(Garrett Martin is a graduate of the University of California at San Diego and currently works at the Naval Postgraduate School in Monterey, California. He can be reached at email@example.com. The trilogy was published in 2020, and is the subject of an article by its author, Jeff Hood.)
The Slaughter of God: Theologies from Jonestown. By Jeff Hood. Wipf and Stock, 2018.242 pages. $43.00 hardcover; ebook available.
Systematic Theology/Shit: Revelations from Jonestown. By Jeff Hood. Independently published, 2020. 120 pages. $6.00 softcover; ebook available.
Five Visions of Jim Jones/Jonestown. By Jeff Hood. Independently published, 2020. 78 pages. $6.00 softcover; ebook available.
Jeff Hood’s Jonestown trilogy is best described as haunting. Using a variety of styles and approaches, the Baptist minister and radical activist offers theological reflections on Jim Jones and the Jonestown tragedy. The three books adopt a form that is raw, unpolished and provocative. Scholars may find themselves disappointed by the paucity of clear analysis, but analysis is not what Hood intends. Drawing from personal accounts, dream sequences, imaginative perspectives, and streams of consciousness, the minister presents a spiritual challenge to both Jones, his public image, and the reader. For fleeting moments, you may find yourself immersed in the chaos of sitting in a Peoples Temple pew. Suspend expectations, savor discomfort, and enjoy these strange little books.
I begin this review with the second book of the trilogy, Systematic Theology/Shit, which opens with a personal account. A young Jeff Hood seems helplessly trapped in a nightmare starring Jim Jones as a kind of Freddy Kruger stand-in. Hood the writer captures the demonic coldness of Jones with clarity. But he also contests the popular view of Jones by providing dramatic empathy. Indeed, the greatest strength of this theological work is its ability to humanize Jones. Hood reminds the audience that, “no one is born evil,” and offers us the perspective of Jones’ mother, Lynetta, holding him as a baby.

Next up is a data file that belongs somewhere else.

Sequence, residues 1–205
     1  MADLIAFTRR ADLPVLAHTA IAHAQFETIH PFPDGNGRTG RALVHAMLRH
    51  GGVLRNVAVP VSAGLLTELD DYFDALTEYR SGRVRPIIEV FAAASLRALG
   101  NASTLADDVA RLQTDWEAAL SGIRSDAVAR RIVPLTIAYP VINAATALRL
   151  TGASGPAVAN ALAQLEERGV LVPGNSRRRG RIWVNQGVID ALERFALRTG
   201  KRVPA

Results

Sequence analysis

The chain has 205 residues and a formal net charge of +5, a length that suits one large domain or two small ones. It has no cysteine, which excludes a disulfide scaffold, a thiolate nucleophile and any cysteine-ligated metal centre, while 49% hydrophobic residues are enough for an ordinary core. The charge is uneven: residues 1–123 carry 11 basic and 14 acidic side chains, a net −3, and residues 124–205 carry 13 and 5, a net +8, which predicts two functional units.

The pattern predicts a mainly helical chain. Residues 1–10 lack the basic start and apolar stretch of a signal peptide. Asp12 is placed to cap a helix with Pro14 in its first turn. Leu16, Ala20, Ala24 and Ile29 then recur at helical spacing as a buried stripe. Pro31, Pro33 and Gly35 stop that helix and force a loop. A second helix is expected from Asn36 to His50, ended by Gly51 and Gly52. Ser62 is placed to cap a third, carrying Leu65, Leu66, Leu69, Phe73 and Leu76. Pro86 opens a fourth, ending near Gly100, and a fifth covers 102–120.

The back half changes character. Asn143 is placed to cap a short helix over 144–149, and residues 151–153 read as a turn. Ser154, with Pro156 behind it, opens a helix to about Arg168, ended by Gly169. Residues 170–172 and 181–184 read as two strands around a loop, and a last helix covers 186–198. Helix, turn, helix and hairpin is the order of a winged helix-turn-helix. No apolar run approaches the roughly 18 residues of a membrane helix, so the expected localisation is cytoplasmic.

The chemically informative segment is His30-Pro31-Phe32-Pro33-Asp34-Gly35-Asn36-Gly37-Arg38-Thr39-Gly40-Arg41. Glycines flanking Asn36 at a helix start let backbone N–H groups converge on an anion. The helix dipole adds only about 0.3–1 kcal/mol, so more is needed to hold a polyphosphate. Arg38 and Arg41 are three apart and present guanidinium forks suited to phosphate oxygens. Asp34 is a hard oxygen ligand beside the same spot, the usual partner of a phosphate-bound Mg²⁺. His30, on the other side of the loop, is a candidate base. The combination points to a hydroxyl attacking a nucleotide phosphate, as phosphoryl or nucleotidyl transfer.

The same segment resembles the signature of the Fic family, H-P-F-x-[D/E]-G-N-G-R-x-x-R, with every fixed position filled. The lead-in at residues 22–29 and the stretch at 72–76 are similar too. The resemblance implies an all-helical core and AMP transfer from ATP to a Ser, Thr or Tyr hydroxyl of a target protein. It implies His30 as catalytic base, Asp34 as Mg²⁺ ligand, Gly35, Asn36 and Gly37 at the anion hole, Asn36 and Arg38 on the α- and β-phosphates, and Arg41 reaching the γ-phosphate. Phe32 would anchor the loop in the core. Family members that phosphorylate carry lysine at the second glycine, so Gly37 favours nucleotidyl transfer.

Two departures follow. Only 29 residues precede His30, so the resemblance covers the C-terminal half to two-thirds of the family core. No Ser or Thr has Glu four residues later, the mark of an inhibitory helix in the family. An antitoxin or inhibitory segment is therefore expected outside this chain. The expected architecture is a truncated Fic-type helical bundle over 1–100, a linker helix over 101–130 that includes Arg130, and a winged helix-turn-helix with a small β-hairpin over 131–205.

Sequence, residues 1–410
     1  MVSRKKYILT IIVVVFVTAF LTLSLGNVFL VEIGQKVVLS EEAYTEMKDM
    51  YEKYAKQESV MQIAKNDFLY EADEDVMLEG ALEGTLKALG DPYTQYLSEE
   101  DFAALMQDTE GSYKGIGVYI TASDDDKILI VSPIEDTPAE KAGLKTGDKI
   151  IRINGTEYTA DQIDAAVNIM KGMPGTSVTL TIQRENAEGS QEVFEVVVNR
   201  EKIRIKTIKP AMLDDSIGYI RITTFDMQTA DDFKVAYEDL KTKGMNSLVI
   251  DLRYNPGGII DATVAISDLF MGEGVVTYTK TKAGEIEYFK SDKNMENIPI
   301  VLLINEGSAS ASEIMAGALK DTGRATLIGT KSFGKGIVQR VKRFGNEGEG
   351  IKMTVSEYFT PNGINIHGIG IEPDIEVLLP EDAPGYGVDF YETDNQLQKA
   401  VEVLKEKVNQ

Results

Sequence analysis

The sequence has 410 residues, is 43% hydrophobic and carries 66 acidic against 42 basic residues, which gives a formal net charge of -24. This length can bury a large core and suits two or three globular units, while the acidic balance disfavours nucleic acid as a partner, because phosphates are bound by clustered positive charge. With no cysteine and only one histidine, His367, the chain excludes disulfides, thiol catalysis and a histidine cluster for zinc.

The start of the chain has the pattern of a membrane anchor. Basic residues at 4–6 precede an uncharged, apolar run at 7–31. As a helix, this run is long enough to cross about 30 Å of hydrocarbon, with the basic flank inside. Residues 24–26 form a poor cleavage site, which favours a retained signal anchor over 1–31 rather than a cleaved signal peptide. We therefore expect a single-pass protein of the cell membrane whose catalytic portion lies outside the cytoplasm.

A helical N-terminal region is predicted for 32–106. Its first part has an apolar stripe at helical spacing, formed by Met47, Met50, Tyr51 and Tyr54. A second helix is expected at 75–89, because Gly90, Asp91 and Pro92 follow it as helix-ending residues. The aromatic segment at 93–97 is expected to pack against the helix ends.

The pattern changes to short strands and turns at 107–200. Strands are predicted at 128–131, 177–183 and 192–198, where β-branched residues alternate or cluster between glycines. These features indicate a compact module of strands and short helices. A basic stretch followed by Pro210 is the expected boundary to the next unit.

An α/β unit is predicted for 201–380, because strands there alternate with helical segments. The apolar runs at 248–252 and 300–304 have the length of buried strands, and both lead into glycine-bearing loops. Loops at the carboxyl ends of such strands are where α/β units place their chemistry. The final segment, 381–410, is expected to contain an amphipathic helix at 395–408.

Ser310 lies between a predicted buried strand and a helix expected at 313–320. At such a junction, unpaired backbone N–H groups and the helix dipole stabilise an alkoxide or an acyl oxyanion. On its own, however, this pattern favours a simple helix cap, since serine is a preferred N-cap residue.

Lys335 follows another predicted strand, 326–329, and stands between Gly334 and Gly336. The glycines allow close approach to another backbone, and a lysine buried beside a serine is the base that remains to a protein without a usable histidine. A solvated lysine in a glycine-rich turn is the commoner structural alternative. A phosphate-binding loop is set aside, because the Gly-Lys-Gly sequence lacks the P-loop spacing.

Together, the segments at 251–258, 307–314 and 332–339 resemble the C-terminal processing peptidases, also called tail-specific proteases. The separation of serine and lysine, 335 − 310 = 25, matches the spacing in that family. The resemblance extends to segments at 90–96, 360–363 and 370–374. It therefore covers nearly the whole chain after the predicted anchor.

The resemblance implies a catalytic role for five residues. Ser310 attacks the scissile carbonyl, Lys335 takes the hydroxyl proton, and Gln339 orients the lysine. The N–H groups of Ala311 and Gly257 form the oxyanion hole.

Hood then shifts his focus to Jonestown proper. The reality of Jonestown today is that many people continue to blame the victims, as if there were something irredeemable about having one’s faith betrayed. The author asks the reader to consider the idealism of community members and inserts affecting scenes of love and cooperation. But Jones’ paranoia returns as the reader is swept up into the chaotic crescendo of Jonestown.
There is much to appreciate about Systematic Theology/Shit. Hood uses rhetorical questions to make his theological points. For example: “The people of Jonestown were children of God. Can we finally treat them as such?” Those moments of authoritative clarity, however, are brief respites from the general cacophony. But the work is written to convey the experience of Jonestown. Unfortunately, the smattering of typos and overly-creative liberties undermine that experience.